In late 1869 the Waterford community petitioned the Board of Education for the establishment of a permanent national school, taking advantage of the colonial government's decision to abolish school fees, which came into effect in January 1870. After some debate as to the most accessible location, a site was selected in the centre of the town of Waterford, which had been surveyed in 1866 on the eastern side of the Logan River. This remains the site of the Waterford State School. Students who lived to the north and west of the Logan River attended school via the ferry, until the first Waterford Bridge opened in 1876.

Tenders for a national school at Waterford were called in late 1870, the contract being let to Robert Hardy and John Ford of Beenleigh with a price of £140. The community would have contributed one-third of the cost of construction. The building was constructed of locally milled timber and opened in mid-1871 as the Waterford Primary School. It was the first national school constructed on the Logan Reserve. (Beenleigh National School, which opened on 7 February 1871, lay outside the Reserve.) Even so, the Waterford school was closed during parts of 1872 and 1873 due to lack of pupils and apparently to disagreements between the teacher and the local school committee. After a teacher's residence was erected in late 1873, the situation stabilized.

At this period the colonial government engaged private architects to design new school buildings within planning and design parameters set by the Board of General Education. Waterford Primary School was designed by Brisbane architect Richard George Suter, who from 1868 to 1875 was responsible for most Queensland school designs, building mostly masonry schools in urban areas and developing a design for economical, simple-to-construct timber schools in rural areas. This design formed the basis of school planning for the next 50 years. The early Suter timber schools were low-set, gabled structures, rectangular in plan with a porch and no verandahs, and utilised external studding to the walls. After 1873 Suter introduced an 'improved plan' adding front and rear verandahs to provide hat rooms and additional play and classroom space. The minimum size of a school was 480 sq feet [44.6m²] accommodating 48 pupils. Some plans show the floor slightly stepped to form a gallery. Suter's 'improved plan' was used throughout the colony.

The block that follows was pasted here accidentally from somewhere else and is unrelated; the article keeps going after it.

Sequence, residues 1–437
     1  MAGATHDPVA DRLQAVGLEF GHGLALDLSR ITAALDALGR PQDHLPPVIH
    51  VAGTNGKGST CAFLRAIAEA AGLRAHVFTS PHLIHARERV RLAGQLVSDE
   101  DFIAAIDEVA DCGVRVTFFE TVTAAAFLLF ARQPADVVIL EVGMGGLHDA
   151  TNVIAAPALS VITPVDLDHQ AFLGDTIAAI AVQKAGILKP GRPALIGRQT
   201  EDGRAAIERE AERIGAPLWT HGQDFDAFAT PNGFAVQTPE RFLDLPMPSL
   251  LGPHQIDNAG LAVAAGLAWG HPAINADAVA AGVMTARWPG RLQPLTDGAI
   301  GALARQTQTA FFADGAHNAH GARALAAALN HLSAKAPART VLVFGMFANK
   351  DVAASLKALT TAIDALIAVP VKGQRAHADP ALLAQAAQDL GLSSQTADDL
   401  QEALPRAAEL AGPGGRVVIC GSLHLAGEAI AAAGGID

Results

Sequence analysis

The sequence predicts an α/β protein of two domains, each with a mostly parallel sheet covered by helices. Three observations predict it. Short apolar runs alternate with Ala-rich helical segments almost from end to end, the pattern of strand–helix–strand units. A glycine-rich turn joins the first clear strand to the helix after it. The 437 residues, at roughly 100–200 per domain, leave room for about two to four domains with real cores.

In 1876 David Ewart, General Inspector for the Department of Public Instruction, described the Waterford school building as measuring 30ft [9.1m] by 16ft [4.9m], with an entrance porch and no verandahs. It had exterior ironbark studs, pine tongue and groove walls, pine floor boards, and a hardwood shingled roof. The porch had narrow hardwood floorboards and a pine roof.

Play sheds were introduced to Queensland schools in the 1870s to provide covered play areas adjacent to low set schools, and about 1874 an open-sided play shed of hardward posts and wall plates and a roof of boughs, was constructed to the south-east of the Waterford Primary School. This structure is no longer extant.